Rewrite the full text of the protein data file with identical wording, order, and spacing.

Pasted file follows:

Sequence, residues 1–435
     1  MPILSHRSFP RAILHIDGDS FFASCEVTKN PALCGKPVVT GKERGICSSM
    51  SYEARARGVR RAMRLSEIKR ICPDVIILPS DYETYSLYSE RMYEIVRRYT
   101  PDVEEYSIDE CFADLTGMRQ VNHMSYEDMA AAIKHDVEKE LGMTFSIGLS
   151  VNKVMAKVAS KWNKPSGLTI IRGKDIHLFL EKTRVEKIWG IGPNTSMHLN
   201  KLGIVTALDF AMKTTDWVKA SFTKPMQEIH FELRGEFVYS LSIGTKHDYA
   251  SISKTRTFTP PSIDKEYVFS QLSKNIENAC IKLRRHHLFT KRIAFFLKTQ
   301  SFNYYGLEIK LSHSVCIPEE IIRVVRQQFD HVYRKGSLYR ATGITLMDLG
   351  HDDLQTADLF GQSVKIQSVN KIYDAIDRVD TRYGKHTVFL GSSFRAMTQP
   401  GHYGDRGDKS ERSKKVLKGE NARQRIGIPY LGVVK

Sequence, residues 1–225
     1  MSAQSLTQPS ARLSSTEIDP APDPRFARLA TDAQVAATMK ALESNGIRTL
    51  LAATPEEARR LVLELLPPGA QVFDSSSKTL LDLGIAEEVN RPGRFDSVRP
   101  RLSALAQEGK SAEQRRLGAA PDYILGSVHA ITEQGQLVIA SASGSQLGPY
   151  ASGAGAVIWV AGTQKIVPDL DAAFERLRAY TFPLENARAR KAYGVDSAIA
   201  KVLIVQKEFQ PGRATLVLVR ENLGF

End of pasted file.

Sequence, residues 1–435
     1  MPILSHRSFP RAILHIDGDS FFASCEVTKN PALCGKPVVT GKERGICSSM
    51  SYEARARGVR RAMRLSEIKR ICPDVIILPS DYETYSLYSE RMYEIVRRYT
   101  PDVEEYSIDE CFADLTGMRQ VNHMSYEDMA AAIKHDVEKE LGMTFSIGLS
   151  VNKVMAKVAS KWNKPSGLTI IRGKDIHLFL EKTRVEKIWG IGPNTSMHLN
   201  KLGIVTALDF AMKTTDWVKA SFTKPMQEIH FELRGEFVYS LSIGTKHDYA
   251  SISKTRTFTP PSIDKEYVFS QLSKNIENAC IKLRRHHLFT KRIAFFLKTQ
   301  SFNYYGLEIK LSHSVCIPEE IIRVVRQQFD HVYRKGSLYR ATGITLMDLG
   351  HDDLQTADLF GQSVKIQSVN KIYDAIDRVD TRYGKHTVFL GSSFRAMTQP
   401  GHYGDRGDKS ERSKKVLKGE NARQRIGIPY LGVVK

Sequence, residues 1–225
     1  MSAQSLTQPS ARLSSTEIDP APDPRFARLA TDAQVAATMK ALESNGIRTL
    51  LAATPEEARR LVLELLPPGA QVFDSSSKTL LDLGIAEEVN RPGRFDSVRP
   101  RLSALAQEGK SAEQRRLGAA PDYILGSVHA ITEQGQLVIA SASGSQLGPY
   151  ASGAGAVIWV AGTQKIVPDL DAAFERLRAY TFPLENARAR KAYGVDSAIA
   201  KVLIVQKEFQ PGRATLVLVR ENLGF